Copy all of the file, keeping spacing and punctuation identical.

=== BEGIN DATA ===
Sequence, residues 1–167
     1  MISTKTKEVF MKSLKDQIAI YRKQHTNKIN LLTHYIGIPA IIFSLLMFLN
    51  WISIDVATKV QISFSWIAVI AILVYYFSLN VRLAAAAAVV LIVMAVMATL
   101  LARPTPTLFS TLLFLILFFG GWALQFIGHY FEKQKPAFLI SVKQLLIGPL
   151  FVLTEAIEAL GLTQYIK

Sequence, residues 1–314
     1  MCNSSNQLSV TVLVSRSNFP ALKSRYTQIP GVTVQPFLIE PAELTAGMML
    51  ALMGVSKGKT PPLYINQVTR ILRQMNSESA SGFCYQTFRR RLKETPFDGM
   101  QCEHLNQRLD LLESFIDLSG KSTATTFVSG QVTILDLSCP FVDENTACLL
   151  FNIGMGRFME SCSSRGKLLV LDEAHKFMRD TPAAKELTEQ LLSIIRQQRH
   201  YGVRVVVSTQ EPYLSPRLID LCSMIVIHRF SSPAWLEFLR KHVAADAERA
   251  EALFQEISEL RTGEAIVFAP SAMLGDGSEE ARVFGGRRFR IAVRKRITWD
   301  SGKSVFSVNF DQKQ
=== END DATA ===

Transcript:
Sequence, residues 1–167
     1  MISTKTKEVF MKSLKDQIAI YRKQHTNKIN LLTHYIGIPA IIFSLLMFLN
    51  WISIDVATKV QISFSWIAVI AILVYYFSLN VRLAAAAAVV LIVMAVMATL
   101  LARPTPTLFS TLLFLILFFG GWALQFIGHY FEKQKPAFLI SVKQLLIGPL
   151  FVLTEAIEAL GLTQYIK

Sequence, residues 1–314
     1  MCNSSNQLSV TVLVSRSNFP ALKSRYTQIP GVTVQPFLIE PAELTAGMML
    51  ALMGVSKGKT PPLYINQVTR ILRQMNSESA SGFCYQTFRR RLKETPFDGM
   101  QCEHLNQRLD LLESFIDLSG KSTATTFVSG QVTILDLSCP FVDENTACLL
   151  FNIGMGRFME SCSSRGKLLV LDEAHKFMRD TPAAKELTEQ LLSIIRQQRH
   201  YGVRVVVSTQ EPYLSPRLID LCSMIVIHRF SSPAWLEFLR KHVAADAERA
   251  EALFQEISEL RTGEAIVFAP SAMLGDGSEE ARVFGGRRFR IAVRKRITWD
   301  SGKSVFSVNF DQKQ